Mel and Shell
Okay, I know I’m not exactly the target audience for Julia Lawrinson’s tween/YA novel Mel and Shell, but I’m a longtime fan of Julia’s voice and find it hard to go past anything she writes. And this is a novel that I suspect is going to find many, many readers who read for the sheer pleasure of nostalgia, although it’s likely to be leavened with the acerbic aftertaste of hindsight. If you grew up in the days of ABBA and Countdown, if you ate Chico Rolls and played Space Invaders, if you remember the distinctly whitebread version of history favoured in Western Australia’s sesquicentenary celebrations of 1979, I think you’ll enjoy Mel and Shell as much as I did, while appreciating its subtle critique of that time.
It’s 1979. Swedish pop group ABBA rules the airwaves, roller skating is cool, and Mel and Shell are best friends. There’s nothing they like more than making up dances to ABBA songs, and there’s nothing they like less than Scary Sharon and Stinky Simon. But things are changing, fast. Confiding in her pen pal from 1829, Shell discovers she has a lot to learn about loyalty, honesty and roller skating.
I’m intrigued by the premise of Sara Foster’s new title, The Hush, and I think there will be a few copies under my Christmas tree this year. Sara is well-known as a bestselling author of psychological thrillers, and this time she ventures into a dystopian near-future world that sounds frighteningly familiar with our present. I’ve been hearing a lot about The Hush and am looking forward to reading it.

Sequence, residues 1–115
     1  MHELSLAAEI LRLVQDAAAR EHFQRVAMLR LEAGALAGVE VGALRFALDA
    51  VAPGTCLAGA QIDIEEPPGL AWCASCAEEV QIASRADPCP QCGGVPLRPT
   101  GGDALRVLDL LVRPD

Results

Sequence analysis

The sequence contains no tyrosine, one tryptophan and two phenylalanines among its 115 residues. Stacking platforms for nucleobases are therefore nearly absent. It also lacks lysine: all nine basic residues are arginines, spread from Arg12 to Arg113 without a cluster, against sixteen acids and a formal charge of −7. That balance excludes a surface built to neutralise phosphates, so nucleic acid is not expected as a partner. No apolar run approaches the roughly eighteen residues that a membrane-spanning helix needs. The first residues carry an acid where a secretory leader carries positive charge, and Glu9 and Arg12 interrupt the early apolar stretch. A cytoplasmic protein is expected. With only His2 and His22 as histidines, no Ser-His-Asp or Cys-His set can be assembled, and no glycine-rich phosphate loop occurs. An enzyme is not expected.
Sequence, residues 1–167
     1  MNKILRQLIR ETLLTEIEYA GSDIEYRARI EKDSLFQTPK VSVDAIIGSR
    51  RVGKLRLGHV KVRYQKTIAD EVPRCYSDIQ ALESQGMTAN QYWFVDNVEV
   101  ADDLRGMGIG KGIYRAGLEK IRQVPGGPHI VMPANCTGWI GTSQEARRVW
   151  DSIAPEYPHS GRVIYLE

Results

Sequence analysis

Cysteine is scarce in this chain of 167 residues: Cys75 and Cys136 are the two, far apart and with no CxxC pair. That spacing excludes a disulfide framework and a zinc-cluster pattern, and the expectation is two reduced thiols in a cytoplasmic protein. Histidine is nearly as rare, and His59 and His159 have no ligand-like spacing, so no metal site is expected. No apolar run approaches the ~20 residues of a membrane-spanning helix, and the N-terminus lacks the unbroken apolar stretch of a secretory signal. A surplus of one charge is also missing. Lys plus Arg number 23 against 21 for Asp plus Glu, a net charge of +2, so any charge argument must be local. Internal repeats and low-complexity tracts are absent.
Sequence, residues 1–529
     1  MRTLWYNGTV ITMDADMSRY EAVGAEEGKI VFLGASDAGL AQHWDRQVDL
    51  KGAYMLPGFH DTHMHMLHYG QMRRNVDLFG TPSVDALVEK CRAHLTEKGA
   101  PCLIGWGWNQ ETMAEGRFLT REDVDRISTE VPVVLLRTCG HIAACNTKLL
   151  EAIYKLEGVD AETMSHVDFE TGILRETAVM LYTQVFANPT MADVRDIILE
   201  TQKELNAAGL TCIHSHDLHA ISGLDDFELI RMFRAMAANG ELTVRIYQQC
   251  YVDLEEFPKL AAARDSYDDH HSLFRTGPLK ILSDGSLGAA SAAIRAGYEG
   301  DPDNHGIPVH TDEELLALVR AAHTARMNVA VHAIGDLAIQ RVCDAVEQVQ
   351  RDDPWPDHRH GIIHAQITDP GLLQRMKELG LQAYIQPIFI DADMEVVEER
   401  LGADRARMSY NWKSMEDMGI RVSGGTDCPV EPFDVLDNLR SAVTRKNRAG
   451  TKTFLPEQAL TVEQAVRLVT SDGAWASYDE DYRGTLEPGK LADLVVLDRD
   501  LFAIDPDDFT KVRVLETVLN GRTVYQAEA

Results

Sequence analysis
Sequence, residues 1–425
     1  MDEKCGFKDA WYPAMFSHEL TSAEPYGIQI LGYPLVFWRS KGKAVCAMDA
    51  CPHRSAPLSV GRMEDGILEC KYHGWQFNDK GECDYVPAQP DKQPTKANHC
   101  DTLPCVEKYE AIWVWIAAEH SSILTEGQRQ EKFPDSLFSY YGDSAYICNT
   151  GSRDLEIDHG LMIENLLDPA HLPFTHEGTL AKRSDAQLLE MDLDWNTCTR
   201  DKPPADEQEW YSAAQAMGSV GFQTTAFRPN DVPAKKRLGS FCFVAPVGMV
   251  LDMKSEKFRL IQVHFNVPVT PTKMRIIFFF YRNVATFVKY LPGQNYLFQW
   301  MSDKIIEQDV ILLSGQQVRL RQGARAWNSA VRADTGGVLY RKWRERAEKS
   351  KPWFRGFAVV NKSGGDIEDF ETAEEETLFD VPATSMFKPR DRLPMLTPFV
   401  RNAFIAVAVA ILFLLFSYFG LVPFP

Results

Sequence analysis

Lainey’s friend Ellis is missing. And she’s not the only one.
In the six months since the first case of a terrifying new epidemic—when a healthy baby wouldn’t take a breath at birth—the country has been thrown into turmoil. The government has passed sweeping new laws to monitor all citizens. And several young pregnant women have vanished without trace.
As a midwife, Lainey’s mum Emma is determined to be there for those who need her. But when seventeen-year-old Lainey finds herself in trouble, this dangerous new world becomes very real. The one person who might help is Emma’s estranged mother, but reaching out to her will put them all in jeopardy…
The Hush is a new breed of near-future thriller, an unflinching look at a society close to tipping point and a story for our times, highlighting the power of female friendship through a dynamic group of women determined to triumph against the odds.